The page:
Privacy is the ability of a person to control the availability of information about and exposure of him- or herself. It is related to being able to function in society anonymously (including pseudonymous or blind credential identification).

According to Eric Hughes, "Privacy is the power to selectively reveal oneself to the world."[1]

Types of privacy giving rise to special concerns:

Some ways in which privacy is lost include the following:
  • Waiver of privacy right included in the terms of a contract.
  • Theft of confidential information, e.g. by computer cracking.
  • Statutory or regulatory orders to provide private material (eg, the Regulation of Investigatory Powers Act in the UK)
  • Compulsory National identity cards, especially when linked to central government databases
  • Statutory or regulatory intrusion on private acts (assorted wiretapping provisions just about everywhere -- most do not include notice which can be opposed in a court)
  • Involuntary "outing", e.g. of homosexuals, often by others of the same political category who seek openness over privacy, or opponents intent on shaming them.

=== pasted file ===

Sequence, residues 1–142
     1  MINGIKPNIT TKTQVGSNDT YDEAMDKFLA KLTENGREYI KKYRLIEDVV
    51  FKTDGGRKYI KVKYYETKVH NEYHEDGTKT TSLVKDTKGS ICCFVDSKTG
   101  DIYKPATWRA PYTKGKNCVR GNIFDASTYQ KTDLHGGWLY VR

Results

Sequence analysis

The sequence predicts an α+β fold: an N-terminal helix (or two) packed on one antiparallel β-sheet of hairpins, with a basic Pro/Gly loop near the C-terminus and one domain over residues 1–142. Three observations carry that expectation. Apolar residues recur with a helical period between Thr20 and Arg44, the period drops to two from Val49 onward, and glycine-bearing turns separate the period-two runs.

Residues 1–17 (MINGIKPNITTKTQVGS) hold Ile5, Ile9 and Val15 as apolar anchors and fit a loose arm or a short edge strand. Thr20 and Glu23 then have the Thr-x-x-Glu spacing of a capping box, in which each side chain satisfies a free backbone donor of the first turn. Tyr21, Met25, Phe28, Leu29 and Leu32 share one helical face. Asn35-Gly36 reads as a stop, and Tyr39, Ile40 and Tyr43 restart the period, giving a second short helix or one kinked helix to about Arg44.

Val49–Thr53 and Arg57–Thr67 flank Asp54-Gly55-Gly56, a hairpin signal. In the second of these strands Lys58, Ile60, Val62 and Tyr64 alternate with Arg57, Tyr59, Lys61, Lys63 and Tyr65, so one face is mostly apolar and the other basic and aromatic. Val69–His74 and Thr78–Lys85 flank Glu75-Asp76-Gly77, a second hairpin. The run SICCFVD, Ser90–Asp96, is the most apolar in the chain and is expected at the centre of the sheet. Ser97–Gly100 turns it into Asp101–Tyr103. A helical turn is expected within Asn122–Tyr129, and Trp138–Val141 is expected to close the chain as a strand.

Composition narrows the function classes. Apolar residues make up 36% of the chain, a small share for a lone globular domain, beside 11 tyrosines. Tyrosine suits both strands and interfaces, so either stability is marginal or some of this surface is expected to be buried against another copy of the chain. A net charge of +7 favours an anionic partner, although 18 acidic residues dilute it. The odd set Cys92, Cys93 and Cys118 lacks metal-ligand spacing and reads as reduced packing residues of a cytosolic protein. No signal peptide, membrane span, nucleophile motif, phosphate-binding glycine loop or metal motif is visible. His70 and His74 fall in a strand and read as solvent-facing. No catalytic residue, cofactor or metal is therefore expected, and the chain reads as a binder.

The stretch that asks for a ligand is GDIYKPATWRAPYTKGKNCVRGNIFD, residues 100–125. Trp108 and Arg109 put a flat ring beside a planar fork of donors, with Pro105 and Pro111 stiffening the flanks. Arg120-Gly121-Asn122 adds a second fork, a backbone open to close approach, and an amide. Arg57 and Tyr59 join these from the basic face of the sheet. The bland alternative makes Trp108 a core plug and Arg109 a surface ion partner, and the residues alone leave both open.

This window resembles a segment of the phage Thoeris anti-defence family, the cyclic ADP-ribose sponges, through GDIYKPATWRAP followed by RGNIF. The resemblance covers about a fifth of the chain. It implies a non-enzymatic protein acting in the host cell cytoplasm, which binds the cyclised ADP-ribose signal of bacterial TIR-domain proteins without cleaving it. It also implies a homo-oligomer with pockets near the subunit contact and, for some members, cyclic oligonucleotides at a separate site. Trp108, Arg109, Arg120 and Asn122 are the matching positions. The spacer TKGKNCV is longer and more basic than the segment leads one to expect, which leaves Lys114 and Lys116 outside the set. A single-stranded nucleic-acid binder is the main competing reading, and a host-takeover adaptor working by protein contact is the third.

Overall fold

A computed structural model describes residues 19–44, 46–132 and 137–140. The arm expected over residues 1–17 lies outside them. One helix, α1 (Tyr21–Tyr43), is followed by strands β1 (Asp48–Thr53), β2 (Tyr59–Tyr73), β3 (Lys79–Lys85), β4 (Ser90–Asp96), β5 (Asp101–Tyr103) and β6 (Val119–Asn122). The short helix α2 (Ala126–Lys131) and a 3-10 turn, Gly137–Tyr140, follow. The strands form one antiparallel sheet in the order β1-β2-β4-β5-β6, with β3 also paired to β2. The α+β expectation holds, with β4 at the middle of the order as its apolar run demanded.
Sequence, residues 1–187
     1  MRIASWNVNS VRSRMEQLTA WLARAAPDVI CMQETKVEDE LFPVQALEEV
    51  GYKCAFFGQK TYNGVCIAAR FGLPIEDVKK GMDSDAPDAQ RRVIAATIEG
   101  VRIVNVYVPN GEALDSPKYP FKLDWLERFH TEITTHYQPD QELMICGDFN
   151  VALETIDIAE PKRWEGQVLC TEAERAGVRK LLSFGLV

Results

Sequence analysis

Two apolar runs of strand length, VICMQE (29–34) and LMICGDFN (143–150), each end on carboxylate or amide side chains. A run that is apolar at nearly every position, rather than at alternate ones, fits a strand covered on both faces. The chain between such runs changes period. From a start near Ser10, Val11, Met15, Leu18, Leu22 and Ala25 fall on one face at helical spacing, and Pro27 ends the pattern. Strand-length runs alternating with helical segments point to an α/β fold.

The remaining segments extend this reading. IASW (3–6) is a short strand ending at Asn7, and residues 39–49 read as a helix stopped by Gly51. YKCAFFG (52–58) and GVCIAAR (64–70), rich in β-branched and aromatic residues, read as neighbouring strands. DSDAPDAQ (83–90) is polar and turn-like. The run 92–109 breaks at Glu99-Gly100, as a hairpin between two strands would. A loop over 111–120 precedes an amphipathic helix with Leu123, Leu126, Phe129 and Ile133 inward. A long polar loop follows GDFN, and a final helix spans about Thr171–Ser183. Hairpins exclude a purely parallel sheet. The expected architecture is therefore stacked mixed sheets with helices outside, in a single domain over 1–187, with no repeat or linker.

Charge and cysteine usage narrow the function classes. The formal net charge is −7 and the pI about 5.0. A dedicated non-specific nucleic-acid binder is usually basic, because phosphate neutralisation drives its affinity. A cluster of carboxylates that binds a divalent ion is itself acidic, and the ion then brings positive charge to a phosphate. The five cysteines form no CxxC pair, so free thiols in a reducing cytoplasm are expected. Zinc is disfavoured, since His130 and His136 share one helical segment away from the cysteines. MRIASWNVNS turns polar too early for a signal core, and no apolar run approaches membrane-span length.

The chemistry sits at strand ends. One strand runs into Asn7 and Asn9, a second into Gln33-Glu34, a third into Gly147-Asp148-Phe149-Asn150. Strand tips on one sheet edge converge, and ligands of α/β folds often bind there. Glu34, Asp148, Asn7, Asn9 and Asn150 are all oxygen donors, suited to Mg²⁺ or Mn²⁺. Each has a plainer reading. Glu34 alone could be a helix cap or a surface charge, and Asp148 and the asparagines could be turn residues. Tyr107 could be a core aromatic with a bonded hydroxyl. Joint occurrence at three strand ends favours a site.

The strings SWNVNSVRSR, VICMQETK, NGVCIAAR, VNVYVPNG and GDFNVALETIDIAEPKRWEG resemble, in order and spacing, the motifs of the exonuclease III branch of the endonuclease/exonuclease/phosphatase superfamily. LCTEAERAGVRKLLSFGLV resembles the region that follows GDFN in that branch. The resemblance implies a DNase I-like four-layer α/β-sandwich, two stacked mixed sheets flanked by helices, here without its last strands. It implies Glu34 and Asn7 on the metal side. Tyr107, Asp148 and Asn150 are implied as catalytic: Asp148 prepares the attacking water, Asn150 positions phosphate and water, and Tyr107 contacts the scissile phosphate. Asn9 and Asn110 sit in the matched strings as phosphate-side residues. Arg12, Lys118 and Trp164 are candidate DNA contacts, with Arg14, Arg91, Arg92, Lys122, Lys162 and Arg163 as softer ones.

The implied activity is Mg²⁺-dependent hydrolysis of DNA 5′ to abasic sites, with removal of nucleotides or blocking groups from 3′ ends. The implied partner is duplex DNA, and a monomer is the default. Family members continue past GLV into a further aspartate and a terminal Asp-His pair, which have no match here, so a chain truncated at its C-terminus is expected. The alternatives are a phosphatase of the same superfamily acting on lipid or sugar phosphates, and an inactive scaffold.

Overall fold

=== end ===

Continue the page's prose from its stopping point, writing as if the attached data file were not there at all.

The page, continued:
Some methods which have been used to defend privacy include the following:
  • Non-transparent packages;
  • Encryption of communications and other information;
  • De jure establishment of privacy rights as an entitlement;
  • sue, shun or harm those guilty of outing;
  • toilets, showers and changing rooms separated by sex and/or with separate cubicles; partitions between urinals; possibility to lock the door;
  • separate rooms for people in their house, possibility to lock the door, agreement to knock before entering (with or without waiting for a reply).

External Links

See also: The Transparent Society, carceral state, RFID, Data privacy, freedom, civil rights